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DATE: February 11, 2016 (Date of pronouncement)
DATE: February 17, 2016 (Date of publication)
AY: 2011-12
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A Power of Attorney executed by the Head Office in favour of the Liaison Office in India does not create a Permanent Establishment if the powers are specific to the liaison office and are not unfettered powers to enable to Liaison Office to act on behalf of the enterprise

The sole basis on which the AO as well as the DRP came to a conclusion that the assessee had a P.E. in India is the clauses in power of attorney executed by the head office in favour of its employee in the L.O. in India. Reliance was also placed on the permission granted by the RBI to the assessee for setting up the L.O. A plain reading of the clauses in the power of attorney takes us to a conclusion that the powers given therein are L.O. specific. The AO’s conclusion that the power of attorney granted unfettered powers to its L.O. employee, to do all or any acts for and on behalf of the assessee, is incorrect. In our view the finding of the AO that the power of attorney is an open ended document, which is clearly outside the scope of initial permission granted by the RBI is also perverse. No doubt the AO can investigate, call for evidences and come to a conclusion where any income earning activity has been carried out by the L.O. so as to construe it as fixed P.E. but, in our view it is beyond the jurisdiction of the AO to adjudicate and conclude that the assessee has filed false declarations before the RBI. At best, he can bring his findings to the notice of the RBI which may consider the same in accordance with law. The RBI has not found any violation of conditions laid down by it while permitting the assessee to have an L.O. In such circumstances, no adverse inference can be drawn

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DATE: February 11, 2016 (Date of pronouncement)
DATE: February 15, 2016 (Date of publication)
AY: 2008-09
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Argument that transfer pricing adjustment cannot be made if the assessee's income is deductible u/s 10A/ 10B is not acceptable. Contrary view in TCS cannot be followed as it is obiter dicta & contrary to law laid down in Aztech Software 107 ITD 141 (SB)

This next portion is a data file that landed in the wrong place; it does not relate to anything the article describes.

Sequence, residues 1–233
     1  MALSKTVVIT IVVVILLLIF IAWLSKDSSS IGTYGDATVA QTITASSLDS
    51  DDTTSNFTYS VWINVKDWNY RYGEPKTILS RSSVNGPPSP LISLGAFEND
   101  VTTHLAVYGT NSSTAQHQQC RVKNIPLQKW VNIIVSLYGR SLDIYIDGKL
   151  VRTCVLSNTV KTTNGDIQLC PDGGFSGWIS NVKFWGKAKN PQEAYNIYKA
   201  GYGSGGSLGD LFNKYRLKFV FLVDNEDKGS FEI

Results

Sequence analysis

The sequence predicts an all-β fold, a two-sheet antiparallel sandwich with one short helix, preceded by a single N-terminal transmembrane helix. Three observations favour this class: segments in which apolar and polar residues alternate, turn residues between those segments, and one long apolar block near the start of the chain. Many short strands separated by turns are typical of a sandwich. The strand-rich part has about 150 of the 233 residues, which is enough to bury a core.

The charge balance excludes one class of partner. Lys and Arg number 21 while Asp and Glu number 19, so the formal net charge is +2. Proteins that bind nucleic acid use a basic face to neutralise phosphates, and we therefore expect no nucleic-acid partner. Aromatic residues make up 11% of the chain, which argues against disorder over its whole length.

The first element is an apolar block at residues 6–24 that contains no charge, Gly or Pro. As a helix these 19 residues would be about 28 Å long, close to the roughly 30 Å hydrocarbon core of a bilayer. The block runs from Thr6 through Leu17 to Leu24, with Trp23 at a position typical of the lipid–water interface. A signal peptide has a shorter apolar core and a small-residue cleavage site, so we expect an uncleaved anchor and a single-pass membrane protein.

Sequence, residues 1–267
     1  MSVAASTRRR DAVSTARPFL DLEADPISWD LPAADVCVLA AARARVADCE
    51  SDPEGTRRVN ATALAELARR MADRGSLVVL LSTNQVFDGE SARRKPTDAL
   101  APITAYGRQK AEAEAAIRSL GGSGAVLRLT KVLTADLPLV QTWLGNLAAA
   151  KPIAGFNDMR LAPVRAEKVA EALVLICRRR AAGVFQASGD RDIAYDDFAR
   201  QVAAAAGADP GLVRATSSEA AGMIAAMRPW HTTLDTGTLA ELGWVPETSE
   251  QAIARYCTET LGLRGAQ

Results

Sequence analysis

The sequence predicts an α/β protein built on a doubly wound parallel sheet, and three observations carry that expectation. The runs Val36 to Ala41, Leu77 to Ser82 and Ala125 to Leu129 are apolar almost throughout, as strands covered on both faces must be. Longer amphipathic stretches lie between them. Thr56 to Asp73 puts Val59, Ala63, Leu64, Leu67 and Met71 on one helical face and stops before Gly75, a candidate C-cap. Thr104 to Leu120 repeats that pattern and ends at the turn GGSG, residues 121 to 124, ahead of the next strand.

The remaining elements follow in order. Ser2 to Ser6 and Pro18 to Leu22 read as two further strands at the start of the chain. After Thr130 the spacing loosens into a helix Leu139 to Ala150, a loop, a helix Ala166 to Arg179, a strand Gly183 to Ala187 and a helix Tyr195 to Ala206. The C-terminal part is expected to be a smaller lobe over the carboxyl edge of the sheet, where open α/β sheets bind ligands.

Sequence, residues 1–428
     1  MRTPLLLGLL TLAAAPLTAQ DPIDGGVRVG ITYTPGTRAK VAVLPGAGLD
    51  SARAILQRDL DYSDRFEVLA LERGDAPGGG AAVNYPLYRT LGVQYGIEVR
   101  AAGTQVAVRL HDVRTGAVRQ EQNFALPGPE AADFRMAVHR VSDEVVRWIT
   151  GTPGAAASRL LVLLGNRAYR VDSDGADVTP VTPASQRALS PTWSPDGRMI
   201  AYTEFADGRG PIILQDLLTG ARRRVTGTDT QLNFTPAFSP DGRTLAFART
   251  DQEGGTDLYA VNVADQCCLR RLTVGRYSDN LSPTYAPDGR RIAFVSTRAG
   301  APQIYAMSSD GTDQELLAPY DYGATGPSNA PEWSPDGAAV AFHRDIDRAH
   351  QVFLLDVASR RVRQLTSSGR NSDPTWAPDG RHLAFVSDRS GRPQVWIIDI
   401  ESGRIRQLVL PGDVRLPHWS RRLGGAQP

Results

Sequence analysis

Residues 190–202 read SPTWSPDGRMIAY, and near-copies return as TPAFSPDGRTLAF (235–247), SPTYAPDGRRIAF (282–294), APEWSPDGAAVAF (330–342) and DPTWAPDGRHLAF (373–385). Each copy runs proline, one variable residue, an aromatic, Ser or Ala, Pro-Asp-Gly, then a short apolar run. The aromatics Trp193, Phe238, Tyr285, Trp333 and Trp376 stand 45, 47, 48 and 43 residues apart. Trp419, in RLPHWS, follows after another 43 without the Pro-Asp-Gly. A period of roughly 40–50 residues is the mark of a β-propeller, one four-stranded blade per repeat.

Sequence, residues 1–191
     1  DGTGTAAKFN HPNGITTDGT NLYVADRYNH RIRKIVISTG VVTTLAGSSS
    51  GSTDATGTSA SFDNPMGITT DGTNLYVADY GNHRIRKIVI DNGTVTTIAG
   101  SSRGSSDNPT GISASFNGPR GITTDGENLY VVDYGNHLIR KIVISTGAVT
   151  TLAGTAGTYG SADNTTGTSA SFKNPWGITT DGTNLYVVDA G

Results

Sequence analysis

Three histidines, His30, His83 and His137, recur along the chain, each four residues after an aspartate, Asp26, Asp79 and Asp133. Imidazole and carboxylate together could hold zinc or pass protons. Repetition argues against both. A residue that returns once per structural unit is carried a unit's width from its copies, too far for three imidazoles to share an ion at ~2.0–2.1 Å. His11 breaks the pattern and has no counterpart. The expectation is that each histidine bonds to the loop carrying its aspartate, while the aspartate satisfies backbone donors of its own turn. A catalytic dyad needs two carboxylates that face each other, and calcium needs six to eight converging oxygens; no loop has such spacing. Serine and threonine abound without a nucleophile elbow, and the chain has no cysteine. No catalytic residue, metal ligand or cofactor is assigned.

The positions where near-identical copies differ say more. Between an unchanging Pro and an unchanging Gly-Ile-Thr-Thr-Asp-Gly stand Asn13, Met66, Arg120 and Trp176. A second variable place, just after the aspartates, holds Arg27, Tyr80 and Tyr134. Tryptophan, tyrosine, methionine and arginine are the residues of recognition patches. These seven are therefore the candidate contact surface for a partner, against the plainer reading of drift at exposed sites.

No exception has been carved out by the statute for non-determination of the ALP of an international transaction of an assessee who is eligible for the benefit of deduction section 10A/10B or any other section of Chapter- VIA of the Act. Section 92(1) clearly provides that any income arising from an international transaction is required to be computed having regard to its arm’s length price. There is no provision exempting the computation of total income arising from an international transaction having regard to its ALP, in the case of an assessee entitled to deduction u/s 10A or 10B or any other relevant provision. Section 92C dealing with computation of ALP clearly provides that the ALP in relation to an international transaction shall be determined by one of the methods given in this provision. This section also does not immune an international transaction from the computation of its ALP when income is otherwise eligible for deduction. On the contrary, we find that sub-section (4) of section 92C plainly stipulates that where an ALP is determined, the AO may compute the total income of the assessee having regard to the ALP so determined. This shows that the total income of an assessee entering into an international transaction, is required to be necessarily computed having regard to its ALP without any exception

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DATE: December 18, 2015 (Date of pronouncement)
DATE: December 26, 2015 (Date of publication)
AY: 2007-08
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S. 10A: Even undisclosed income surrendered by assessee is eligible for s. 10A exemption if dept does not show that the assessee has any other source